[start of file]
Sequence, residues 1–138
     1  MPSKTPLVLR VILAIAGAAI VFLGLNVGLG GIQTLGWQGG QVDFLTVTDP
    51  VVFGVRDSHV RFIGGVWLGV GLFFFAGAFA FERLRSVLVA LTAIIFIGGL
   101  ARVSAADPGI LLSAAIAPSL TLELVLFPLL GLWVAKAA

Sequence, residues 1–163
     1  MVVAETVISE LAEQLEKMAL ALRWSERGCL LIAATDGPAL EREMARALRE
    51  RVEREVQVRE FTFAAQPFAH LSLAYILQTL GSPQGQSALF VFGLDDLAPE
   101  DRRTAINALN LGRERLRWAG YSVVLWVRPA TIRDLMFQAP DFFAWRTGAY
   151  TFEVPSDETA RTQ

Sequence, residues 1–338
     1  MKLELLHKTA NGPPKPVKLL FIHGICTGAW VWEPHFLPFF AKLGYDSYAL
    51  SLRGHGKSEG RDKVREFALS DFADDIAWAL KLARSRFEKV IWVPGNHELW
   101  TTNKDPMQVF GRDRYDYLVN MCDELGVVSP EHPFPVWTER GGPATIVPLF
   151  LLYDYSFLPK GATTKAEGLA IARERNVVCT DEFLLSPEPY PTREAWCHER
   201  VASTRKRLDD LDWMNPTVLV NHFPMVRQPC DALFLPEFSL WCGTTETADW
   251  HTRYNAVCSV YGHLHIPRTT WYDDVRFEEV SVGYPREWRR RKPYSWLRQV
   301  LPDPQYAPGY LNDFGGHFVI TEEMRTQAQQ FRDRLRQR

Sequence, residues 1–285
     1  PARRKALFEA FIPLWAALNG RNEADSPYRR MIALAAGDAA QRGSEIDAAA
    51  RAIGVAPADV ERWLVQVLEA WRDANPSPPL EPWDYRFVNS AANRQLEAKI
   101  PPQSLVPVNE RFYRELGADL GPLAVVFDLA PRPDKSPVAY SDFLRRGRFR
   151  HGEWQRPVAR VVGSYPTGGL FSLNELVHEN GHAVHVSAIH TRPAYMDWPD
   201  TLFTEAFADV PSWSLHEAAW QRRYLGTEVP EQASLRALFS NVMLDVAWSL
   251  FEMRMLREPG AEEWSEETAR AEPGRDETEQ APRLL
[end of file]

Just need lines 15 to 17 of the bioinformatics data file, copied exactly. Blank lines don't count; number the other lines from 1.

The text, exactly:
   201  VASTRKRLDD LDWMNPTVLV NHFPMVRQPC DALFLPEFSL WCGTTETADW
   251  HTRYNAVCSV YGHLHIPRTT WYDDVRFEEV SVGYPREWRR RKPYSWLRQV
   301  LPDPQYAPGY LNDFGGHFVI TEEMRTQAQQ FRDRLRQR